Prof. Marshall Steinbaum:  Sure. So I think there is very strong reasons underlying the policy shifts that we've been talking about in this discussion so far. And I thought the Treasury report that you just referred to did a very good job of wrapping all of that evidence together in one place in a comprehensive way.


      I'll just say it's been a decade since I left my PhD program at the University of Chicago, and there's been basically a sea change in labor economics since then relative to what I was taught, namely that the canonical model of how the labor market works is perfect competition. You'll get laughed out of the room in any seminar on labor economics for putting forward such a model these days, and that's for a very good reason.


      There is longstanding evidence about the effect of the minimum wage not -- or increase in the minimum wage not leading to a reduction in employment. That's consistent with the model of labor market power, not consistent with the model of perfect competition. We've got direct measures of marginal product of labor and of the wages that workers are actually paid, and you can show that wage is less than the marginal product. We've got evidence of increased inter-firm earnings and equalities. So in a perfectly competitive labor market, basically, no matter the skills or characteristics of a given worker, they should be making the same wage no matter which firm they work for in that market. And that is pretty demonstratively falsified by investigations into the phenomenon of inter-firm earnings and equality.


      So to speak to a point that Maureen dropped off earlier in this conversation, I think the consensus among labor economics is that it is actually true that frequently labor markets are defined by imperfect competition and some degree of market power on the part of employers.


      I've just been speaking about the evidence coming from the labor economic side. Even the industrial organization economists, who are typically more involved in the antitrust policymaking and enforcement, have now -- I like to think of IO economists as being motivated by a t-shirt that I used to see people wearing at the University of Chicago, which was, okay, I understand how it works in practice. How does it work in theory?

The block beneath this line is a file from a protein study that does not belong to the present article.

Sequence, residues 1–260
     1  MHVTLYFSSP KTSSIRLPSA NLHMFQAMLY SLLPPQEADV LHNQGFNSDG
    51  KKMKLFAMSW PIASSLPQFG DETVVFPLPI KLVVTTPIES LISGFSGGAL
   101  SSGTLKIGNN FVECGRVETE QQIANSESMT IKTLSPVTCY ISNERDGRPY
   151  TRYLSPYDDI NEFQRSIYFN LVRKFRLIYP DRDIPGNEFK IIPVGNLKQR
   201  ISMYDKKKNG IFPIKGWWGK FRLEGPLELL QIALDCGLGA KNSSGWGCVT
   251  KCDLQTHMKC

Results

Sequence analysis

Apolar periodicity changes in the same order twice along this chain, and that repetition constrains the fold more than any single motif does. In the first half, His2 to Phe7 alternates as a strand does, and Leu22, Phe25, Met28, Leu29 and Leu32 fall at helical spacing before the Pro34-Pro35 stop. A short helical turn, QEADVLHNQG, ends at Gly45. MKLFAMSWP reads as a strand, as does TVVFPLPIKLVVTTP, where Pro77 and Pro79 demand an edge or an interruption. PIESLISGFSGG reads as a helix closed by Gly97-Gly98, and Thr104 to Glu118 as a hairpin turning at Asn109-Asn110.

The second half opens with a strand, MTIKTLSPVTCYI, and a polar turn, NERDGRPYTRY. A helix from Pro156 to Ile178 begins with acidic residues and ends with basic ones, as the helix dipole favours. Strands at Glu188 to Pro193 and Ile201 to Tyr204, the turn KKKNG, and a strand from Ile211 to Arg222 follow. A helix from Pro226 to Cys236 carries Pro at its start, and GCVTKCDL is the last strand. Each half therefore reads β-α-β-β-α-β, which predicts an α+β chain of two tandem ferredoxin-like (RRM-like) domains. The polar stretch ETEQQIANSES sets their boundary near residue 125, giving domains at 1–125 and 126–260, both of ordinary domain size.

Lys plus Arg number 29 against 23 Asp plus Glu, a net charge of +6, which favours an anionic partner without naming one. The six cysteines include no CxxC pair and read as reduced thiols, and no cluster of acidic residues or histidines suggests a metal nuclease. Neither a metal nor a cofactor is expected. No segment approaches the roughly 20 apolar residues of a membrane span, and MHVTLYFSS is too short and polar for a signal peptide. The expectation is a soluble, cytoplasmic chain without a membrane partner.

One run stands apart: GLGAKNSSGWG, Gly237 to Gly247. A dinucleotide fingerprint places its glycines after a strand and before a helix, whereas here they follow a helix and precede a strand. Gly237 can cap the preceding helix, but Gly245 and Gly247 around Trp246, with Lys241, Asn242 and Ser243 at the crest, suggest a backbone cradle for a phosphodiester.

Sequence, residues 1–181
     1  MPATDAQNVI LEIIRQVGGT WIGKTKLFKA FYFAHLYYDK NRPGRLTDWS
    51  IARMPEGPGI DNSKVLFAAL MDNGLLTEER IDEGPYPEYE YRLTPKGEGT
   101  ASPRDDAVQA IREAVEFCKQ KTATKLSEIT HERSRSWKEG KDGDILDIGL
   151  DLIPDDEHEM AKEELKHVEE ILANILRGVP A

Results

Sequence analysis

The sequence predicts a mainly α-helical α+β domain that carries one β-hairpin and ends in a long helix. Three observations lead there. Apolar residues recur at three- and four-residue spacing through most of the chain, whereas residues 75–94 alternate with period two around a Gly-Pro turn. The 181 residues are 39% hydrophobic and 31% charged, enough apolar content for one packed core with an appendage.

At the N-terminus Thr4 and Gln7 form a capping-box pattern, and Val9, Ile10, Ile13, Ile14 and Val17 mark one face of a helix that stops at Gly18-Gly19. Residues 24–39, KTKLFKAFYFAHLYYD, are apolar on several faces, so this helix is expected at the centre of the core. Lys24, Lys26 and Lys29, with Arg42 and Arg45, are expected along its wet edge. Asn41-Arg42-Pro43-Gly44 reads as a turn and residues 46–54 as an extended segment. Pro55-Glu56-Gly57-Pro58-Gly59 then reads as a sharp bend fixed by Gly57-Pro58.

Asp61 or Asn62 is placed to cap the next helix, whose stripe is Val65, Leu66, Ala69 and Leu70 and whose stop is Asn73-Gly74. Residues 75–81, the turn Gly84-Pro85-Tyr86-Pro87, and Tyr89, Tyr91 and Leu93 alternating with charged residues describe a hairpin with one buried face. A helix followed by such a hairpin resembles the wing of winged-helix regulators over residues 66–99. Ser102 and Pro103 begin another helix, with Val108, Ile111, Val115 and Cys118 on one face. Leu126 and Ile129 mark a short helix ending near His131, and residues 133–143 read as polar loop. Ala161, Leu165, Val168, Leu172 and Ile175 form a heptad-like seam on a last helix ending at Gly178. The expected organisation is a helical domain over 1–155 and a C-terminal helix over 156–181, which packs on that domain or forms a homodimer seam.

IO economists tend to care more about economic theory than empirical evidence, and yet, now there's plenty of theoretically grounded in traditional IO type methodologies regarding imperfect labor market type competition. So I'm referring to differentiated products, discrete choice type models, estimated on labor market data and job postings and applications, also the traditional production function estimation approach from industrial organization, where you're measuring the marginal costs and then seeing what the wage is in comparison to that. We've got papers doing that and showing that labor market power has risen over time. So I think, kind of across the spectrum of economics research, there's really no doubt about this question anymore.


      That raises the second part of your -- that leads to the second part of your question, which is why is it having so much of an effect on policy? It's not just a sort of academic trend or development in the literature. Those happen all the time, and they don't all feed through to the policy world, so the question is, why is this one different in this respect? And my interpret- -- so   your question prompts me to consider the process by which intellectual developments affect policy more broadly. I think it's because the idea that employers systematically exercise power in the labor market is just flatly inconsistent with a lot of the received wisdom in antitrust enforcement with respect to the disposition of the laws vis-à-vis certain practices of types of mergers.